The SK Group, South Korea’s third-largest conglomerate, has agreed to invest $1.5bn in US-based hydrogen fuel cell solutions provider Plug Power. The two companies plan to form a joint venture that will develop hydrogen fuel cell products for several Asian markets, including China and Vietnam. Under the terms of the agreement, the two companies will set up a joint venture and task the new entity’s management team with accelerating the growth of Asia’s hydrogen economy, initially by manufacturing and developing hydrogen fuel cell systems, hydrogen fuelling stations, and electrolysers for Korea and other countries in the region.
The group had already stated its intentions to slash its carbon emissions by two-thirds over ten years and to focus on hydrogen as one of its new growth drivers. This resolve will only have been strengthened this week by the news that Elon Musk had overtaken Amazon’s Jeff Bezos as the world’s richest man, principally on the back of Tesla’s dominance of the booming EV market. This changing of the guard is a potent symbol of the trend towards emission-free transport and it is one in which hydrogen is destined to play a key role. According to Allied Market Research, the value of the global hydrogen fuel cell vehicle market will have increased from $652m in 2018 to $42bn by 2026, a CAGR of nearly 67%.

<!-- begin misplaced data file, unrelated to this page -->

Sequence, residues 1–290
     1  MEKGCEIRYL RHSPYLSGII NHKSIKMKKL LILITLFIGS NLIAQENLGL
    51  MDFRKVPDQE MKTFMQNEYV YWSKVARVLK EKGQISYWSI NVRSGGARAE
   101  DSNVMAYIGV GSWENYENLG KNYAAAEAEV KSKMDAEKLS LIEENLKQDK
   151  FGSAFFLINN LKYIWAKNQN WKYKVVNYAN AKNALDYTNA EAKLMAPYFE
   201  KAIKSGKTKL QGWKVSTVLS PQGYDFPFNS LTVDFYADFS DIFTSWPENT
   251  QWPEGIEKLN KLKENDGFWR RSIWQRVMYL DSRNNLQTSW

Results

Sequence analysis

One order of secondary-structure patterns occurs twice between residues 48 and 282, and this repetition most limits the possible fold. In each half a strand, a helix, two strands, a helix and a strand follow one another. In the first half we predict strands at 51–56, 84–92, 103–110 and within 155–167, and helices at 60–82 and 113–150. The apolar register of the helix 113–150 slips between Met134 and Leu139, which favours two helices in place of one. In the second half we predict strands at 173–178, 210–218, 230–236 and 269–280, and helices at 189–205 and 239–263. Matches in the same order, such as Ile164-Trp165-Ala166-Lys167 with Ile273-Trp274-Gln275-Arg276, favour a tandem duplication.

This phenomenal rate of growth is mainly being driven by rising environmental concerns, and the SK Group itself is aiming to slash its carbon emissions by two-thirds over the next ten years; but its plans to produce 30,000 tonnes of hydrogen in 2023, and as much as 280,000 tonnes by 2025.will also have been influenced by the South Korean government’s ambition to position the country as a global leader in H2‘s development as an alternative energy source.